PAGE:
The information in this portal is presented to assist family, friends, and direct support professionals (DSPs) who are supporting an adult with autism in grief and loss. These resources can help you communicate news of a death, plan and prepare for events that may happen after a death, and better understand grief.
In the summary below you will find links to topics that may be relevant to the unique situation and needs of the autistic adult in your life. Each person, situation, and grief response is unique: please tailor these tips to meet the expressed needs of the autistic person. You will find further information and guidance in the attachments, resource pages, and social stories linked to this portal.
Bill Gaventa shares his advice for communicating with an autistic person.
What to Do Immediately After a Death
Communicate Clearly and Honestly
Share facts about the death in a safe space with trusted people, if possible, and allow time for processing the news. It may be necessary to repeat the information.
Avoid commonly used phrases that may not be logical to the autistic person, such as “passed away” or “went to be with angels” or “is in a better place.”
Understand that a person with autism’s reaction to news of a death may differ from a neurotypical person’s reaction. This may include having no reaction, repetitious vocalization, sensory overload, pacing, laughter, or other self-soothing behaviors.
Absence of a reaction or an unanticipated reaction does not indicate that the person is not shocked or upset, did not hear, or does not understand the information.
If social stories have been helpful in the past, they may be the best way to communicate concepts related to the death. Click here to read, download, and share social stories related to death and grief.
Give the autistic person time and space to absorb news of the death.
Honor preferences of anyone receiving death information. If you aren’t aware of these preferences, ask. For example, if the person does not like physical touch, don’t hug them.
If support will be available, reassure them that family and friends will be there for them if and when they want that support.
Understand that many people with autism have a need for routine. While news of a death may be disruptive and disorienting in multiple ways, maintaining order (such as with a daily schedule) could provide an important anchor amid so much uncertainty.
Click the button below to learn more about communicating the news of a death.
Grief is a reaction to the loss of someone or something with which we have a bond. Unless someone’s grief reactions are harmful to themself or others, there is no right or wrong way to grieve.
Whether a person is autistic or not, there are commonalities in the grief experience, which are described below.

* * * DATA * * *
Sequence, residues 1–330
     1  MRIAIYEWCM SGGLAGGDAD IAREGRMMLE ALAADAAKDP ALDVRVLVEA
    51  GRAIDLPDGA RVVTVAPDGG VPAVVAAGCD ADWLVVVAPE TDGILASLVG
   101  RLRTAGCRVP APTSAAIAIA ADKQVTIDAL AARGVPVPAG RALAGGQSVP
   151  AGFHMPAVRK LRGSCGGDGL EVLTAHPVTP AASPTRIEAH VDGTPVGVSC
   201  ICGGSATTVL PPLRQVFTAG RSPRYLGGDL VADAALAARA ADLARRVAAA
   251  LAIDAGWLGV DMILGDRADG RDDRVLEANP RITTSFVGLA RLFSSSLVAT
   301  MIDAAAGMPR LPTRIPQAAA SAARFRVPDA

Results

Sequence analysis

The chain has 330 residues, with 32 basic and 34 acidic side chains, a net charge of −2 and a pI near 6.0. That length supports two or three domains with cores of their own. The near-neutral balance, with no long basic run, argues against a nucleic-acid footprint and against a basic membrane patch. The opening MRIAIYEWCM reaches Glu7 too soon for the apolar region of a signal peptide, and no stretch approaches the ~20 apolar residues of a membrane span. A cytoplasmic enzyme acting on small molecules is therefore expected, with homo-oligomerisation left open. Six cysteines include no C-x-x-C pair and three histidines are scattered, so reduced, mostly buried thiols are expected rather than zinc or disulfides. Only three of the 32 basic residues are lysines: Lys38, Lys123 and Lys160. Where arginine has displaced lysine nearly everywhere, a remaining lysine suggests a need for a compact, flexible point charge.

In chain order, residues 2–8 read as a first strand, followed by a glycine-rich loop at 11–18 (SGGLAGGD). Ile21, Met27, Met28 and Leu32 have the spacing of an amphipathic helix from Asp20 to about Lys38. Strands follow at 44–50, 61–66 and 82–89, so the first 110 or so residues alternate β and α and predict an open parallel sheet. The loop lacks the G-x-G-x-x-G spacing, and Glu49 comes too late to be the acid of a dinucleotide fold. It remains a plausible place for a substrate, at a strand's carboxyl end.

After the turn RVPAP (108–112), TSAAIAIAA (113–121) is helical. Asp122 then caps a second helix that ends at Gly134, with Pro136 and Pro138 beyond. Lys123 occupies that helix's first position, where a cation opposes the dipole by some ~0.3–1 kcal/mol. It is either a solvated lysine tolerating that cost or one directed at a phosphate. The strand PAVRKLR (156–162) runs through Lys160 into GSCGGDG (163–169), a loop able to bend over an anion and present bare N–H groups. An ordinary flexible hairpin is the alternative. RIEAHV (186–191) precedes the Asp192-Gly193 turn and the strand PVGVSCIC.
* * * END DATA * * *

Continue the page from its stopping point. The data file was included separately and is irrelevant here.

Grief is as individual as a fingerprint. Click here to learn about the differences in how we grieve.
Grief doesn’t follow a timetable.
Grief can trigger physical, cognitive, behavior, and spiritual challenges. Click here to learn about the role of spirituality and religion in grief.
Grief can occur before a death, such as during a long illness. Click here to learn about supporting a person with autism who is coping with a loved one’s serious illness.
Grief, in some situations, can be prolonged or complicated.
For adults on the spectrum in particular, grief may cause a multitude of responses and remind them of previous deaths or non-death losses. Grief responses also may be affected by other challenges, including levels of cognitive understanding and communication abilities.
For autistic people and neurotypicals, expressions of grief may involve behavioral changes, expressions of regression and anxiety, and/or physical reactions such as nausea, pain, or insomnia, or no outward changes at all.
It is important to acknowledge the grief of an autistic adult, which may be overlooked, ignored, or misinterpreted because it presents in uncommon ways.
Grief, perhaps especially for people with autism, is not confined to responses to the death of a loved one. Losses of objects, passionate hobbies, and unexpectedly important people in their lives can also trigger grief reactions. Click here for more information on non-death loss.
For everyone, grief is often experienced like a roller coaster ride, with ups and downs, highs and lows, and good days and bad days. Click here for suggestions to support your loved one’s experience with grief.
As the grief process unfolds over time, there are many concrete ways that people can choose to be reminded of someone they love. The Grief Journey includes some ideas to help an autistic adult remember a deceased loved.
Surges in grief can occur months and years after a loss; this is not unusual. However, if the intensity of grief is still impairing one’s ability to function at previous levels after six months, seek advice from a grief counselor, or the autistic adult’s therapist, psychologist, or psychiatrist. Click here for tips on finding professional grief support.
Click the button below to learn more about grief and ways to ensure the person with autism you care about feels respected and validated.
Cantor Linda Sue Sohn provides suggestions for grievers.
Caring for Yourself
If you are supporting someone who is grieving, you are a caregiver—and you may be grieving, too. Being a caregiver is tough. Grief is also tough, and it can affect any of us in many ways: physically, emotionally, cognitively, and spiritually.
Be mindful about caring for yourself as you would for others by monitoring your physical and mental health, seeking support from trusted others, and acknowledging when professional help may be necessary.